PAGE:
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Boris Johnson will soon be back full time as Prime Minister, we are told. How long will it be before Downing Street get him to do what he does best – a stunt? Maybe driving a bulldozer through a polystyrene wall with a slogan “Get Covid Gone.” Sadly, the JCB factory where Johnson performed that General Election stunt has its workers on furlough.
Johnson’s shortcomings as a leader are, of course, no joke. They have been underlined by a devastating Sunday Times report headed “Coronavirus: 38 days when Britain sleepwalked into disaster.” It reveals “Boris Johnson skipped five Cobra meetings on the virus, calls to order protective gear were ignored and scientists’ warnings fell on deaf ears. Failings in February may have cost thousands of lives.”
A senior adviser to Downing Street is quoted: “He liked his country breaks. He didn’t work weekends ... There was a real sense that he didn’t do urgent crisis planning. It was exactly like people feared he would be.”
Michael Gove was put out to rebut the story. He simply said “the idea that the Prime Minister skipped meetings that were vital to our response to the coronavirus is grotesque”, but failed to deny that Johnson had been absent.
Grotesque is probably the apt word for reports that Rupert Murdoch wants Johnson replaced by Gove.
Gove and Johnson were co-leaders of the Brexit campaign and according to another Sunday Times source preparations for a no-deal Brexit “sucked all the blood out of pandemic planning”.
A 2016 exercise predicted the health service would collapse and highlighted a long list of shortcomings — including, presciently, a lack of PPE and intensive care ventilators. Recommendations to address the deficiencies were never implemented.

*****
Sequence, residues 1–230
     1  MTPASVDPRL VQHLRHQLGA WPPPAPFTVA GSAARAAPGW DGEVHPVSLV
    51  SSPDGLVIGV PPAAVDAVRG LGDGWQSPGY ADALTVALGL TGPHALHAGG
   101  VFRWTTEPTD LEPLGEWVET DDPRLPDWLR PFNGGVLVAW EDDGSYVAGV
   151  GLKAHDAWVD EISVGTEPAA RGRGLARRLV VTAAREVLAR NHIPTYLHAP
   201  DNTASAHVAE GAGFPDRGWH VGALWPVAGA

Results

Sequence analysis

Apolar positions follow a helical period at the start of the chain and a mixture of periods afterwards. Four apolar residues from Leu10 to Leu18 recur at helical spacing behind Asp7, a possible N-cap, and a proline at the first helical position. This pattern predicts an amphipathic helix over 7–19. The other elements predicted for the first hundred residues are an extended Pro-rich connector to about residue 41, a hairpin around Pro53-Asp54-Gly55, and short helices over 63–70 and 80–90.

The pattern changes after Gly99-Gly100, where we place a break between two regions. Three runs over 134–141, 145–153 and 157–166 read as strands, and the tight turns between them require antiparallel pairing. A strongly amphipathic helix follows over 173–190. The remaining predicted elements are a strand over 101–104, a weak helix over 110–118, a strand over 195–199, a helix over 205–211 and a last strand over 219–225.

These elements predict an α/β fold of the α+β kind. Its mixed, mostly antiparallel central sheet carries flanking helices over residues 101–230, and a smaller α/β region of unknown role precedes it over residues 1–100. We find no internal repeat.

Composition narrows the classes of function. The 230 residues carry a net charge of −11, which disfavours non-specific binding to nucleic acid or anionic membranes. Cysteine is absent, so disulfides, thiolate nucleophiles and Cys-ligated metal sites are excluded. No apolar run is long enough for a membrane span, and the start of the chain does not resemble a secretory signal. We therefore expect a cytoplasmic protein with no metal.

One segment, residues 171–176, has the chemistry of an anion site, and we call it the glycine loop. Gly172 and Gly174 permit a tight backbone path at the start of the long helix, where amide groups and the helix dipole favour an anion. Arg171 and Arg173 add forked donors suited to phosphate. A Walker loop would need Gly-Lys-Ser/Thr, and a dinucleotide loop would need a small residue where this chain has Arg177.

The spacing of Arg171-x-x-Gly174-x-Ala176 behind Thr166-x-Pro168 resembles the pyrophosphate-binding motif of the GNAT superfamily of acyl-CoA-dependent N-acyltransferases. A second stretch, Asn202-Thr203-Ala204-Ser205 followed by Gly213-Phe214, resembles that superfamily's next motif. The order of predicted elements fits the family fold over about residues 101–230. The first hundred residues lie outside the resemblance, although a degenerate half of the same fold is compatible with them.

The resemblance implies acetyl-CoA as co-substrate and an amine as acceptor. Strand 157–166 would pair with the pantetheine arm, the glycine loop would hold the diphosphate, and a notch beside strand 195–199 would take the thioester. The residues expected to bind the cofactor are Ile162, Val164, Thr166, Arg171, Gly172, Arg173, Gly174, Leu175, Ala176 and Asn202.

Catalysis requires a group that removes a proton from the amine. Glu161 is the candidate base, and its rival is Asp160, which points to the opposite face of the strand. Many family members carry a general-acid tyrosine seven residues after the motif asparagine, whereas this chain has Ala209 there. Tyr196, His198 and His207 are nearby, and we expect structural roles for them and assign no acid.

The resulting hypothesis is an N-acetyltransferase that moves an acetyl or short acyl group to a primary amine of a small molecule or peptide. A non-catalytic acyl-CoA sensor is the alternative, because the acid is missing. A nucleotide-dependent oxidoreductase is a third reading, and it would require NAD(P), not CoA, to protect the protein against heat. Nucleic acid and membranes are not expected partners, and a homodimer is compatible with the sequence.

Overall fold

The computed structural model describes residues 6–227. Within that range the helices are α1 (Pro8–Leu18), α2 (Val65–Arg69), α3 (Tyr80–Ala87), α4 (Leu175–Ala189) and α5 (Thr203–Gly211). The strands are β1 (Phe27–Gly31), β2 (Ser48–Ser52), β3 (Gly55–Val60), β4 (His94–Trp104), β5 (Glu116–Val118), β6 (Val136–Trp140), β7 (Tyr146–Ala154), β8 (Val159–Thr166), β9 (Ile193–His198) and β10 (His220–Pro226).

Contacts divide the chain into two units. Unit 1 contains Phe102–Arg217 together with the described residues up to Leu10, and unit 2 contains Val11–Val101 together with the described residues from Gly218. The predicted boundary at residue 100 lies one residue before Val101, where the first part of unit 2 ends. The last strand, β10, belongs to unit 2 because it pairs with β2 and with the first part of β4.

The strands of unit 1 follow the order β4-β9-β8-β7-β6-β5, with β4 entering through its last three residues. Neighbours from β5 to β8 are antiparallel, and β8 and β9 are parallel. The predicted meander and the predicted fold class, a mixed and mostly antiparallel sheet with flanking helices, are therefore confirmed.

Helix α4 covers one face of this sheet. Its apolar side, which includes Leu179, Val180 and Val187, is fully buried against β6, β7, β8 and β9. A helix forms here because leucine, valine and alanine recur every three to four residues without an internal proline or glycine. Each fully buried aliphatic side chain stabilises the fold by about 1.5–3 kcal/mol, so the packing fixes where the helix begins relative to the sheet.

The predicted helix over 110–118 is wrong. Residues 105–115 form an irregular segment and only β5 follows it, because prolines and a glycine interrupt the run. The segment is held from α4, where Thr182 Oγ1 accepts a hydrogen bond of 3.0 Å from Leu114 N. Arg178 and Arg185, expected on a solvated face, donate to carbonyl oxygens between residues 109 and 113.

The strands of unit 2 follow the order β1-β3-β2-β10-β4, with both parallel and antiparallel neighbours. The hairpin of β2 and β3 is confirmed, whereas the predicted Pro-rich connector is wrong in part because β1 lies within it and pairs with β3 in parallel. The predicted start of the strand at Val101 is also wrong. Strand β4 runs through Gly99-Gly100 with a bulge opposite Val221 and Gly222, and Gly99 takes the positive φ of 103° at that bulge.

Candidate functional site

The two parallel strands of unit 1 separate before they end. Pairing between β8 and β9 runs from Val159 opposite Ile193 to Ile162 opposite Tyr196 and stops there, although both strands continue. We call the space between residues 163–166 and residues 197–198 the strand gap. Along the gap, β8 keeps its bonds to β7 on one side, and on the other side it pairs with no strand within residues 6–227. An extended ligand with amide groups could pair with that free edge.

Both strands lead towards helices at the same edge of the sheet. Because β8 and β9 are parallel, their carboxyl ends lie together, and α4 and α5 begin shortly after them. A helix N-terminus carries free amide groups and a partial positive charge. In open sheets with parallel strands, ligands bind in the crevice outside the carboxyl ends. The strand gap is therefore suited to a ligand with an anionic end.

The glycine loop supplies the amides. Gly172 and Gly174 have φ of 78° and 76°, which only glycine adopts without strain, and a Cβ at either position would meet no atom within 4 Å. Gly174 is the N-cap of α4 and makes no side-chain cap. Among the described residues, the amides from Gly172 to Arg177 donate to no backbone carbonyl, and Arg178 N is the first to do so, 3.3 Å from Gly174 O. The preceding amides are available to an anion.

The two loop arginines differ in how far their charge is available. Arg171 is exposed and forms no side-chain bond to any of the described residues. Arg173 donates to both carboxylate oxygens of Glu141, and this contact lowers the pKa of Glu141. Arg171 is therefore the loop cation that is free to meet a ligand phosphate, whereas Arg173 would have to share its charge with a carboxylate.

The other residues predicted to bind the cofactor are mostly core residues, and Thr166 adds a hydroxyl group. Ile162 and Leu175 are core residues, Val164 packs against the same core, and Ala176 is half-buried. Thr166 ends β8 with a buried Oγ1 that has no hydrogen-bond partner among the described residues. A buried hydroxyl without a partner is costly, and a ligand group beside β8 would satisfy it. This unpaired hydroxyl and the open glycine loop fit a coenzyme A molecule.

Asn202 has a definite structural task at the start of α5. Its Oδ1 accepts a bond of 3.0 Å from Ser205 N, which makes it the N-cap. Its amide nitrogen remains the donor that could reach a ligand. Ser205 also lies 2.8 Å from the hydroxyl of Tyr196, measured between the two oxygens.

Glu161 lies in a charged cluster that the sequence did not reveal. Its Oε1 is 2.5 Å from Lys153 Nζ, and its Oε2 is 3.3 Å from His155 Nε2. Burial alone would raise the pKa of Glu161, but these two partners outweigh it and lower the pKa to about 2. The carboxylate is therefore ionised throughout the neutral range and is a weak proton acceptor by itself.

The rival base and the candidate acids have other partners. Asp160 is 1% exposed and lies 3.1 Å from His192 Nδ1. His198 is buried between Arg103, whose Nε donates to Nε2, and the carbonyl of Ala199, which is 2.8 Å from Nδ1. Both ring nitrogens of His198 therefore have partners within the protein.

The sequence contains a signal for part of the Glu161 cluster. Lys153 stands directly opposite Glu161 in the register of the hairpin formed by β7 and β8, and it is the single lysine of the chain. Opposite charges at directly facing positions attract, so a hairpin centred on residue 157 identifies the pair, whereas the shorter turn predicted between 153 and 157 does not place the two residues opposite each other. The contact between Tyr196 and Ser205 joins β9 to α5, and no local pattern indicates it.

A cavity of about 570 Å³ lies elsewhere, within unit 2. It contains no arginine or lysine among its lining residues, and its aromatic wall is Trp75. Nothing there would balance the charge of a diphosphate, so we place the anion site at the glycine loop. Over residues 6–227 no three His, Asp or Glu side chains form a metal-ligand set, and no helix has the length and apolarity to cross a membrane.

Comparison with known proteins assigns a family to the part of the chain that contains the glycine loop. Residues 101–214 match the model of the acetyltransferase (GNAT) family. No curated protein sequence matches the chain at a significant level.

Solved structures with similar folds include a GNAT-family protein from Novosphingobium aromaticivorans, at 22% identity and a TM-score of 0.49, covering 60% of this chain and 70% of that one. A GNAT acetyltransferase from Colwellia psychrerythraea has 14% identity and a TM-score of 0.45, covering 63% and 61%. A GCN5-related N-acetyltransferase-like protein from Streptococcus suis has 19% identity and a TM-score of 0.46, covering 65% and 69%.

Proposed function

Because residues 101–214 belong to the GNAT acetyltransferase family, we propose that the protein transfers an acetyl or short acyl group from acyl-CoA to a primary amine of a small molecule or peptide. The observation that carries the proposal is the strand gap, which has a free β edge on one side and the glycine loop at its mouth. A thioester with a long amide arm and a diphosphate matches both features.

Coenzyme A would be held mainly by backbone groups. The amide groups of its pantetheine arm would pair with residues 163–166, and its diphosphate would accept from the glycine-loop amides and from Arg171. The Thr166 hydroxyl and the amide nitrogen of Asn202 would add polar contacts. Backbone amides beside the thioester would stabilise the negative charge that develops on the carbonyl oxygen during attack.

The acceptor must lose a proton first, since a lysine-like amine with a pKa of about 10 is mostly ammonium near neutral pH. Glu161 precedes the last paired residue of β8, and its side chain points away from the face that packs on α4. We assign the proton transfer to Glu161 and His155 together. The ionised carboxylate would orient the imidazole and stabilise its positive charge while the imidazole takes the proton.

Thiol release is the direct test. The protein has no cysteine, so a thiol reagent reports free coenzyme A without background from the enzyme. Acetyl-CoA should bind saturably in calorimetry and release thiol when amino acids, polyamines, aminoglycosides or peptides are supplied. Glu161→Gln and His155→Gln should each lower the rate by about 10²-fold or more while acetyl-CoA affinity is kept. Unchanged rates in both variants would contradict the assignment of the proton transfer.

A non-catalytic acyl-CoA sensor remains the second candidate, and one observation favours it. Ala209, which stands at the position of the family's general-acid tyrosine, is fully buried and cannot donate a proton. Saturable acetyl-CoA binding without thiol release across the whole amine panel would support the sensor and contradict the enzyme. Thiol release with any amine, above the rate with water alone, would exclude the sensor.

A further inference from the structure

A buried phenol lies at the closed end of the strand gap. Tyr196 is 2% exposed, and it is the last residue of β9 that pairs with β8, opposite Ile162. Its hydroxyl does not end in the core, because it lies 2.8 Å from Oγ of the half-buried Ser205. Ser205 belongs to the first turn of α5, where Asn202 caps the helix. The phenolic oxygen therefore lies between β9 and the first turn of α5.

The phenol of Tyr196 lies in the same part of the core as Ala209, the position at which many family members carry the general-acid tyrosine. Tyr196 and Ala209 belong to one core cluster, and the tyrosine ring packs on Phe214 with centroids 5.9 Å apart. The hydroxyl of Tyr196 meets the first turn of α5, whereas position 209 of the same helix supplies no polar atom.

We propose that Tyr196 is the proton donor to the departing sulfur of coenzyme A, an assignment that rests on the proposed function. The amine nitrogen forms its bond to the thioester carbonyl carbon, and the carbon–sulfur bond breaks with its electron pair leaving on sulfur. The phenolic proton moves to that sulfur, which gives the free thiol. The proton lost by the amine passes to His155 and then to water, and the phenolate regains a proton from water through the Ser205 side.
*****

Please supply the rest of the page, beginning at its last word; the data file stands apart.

While their boss is away, the troop of ministers at the Downing Street briefings has served to emphasise that they were chosen for their loyalty to the cause, not their competence.
Tory grandee Nicholas Soames remarked that a recent briefing was “very close to a near death experience. Really pointless frankly.”
Johnson’s absence and Health Secretary Matt Hancock’s struggle to explain away the shortage of protection equipment, has given Chancellor Rishi Sunak the chance to shine. There’s no doubt that after 10 years of Tory austerity, his willingness to splash the cash, to keep firms afloat and subsidise their employees has been impressive.
But there have been complaints about the slow implementation of the schemes and the gaps through which many workers are falling.
James Butler of Novara media, writing in London Review of Books, makes an interesting point. “The closer Sunak’s measures are examined, the more deliberately they seem designed to be temporary rather than efficient.”
“He has so far resisted calls for universal payments of any kind, preferring caps and means-tested controls, citing the need for fairness and for prudence with taxpayers’ money.”
Butler says: “universal benefits are the hardest kind to withdraw, and their use would place the Treasury on a more interventionist path. There are many ways to achieve fairness, if that is truly the main criterion – reform of the tax base to recoup payments from the already wealthy would be one obvious option, though a cardinal sin for a neophyte Tory chancellor. Should the economic shock worsen, however, it will become inevitable.”
The Tory government is likely to be judged by how it deals with the economic consequences of the pandemic. This will require a broad vision and an attention to detail. The idea that Boris Johnson is the right person for the job is laughable.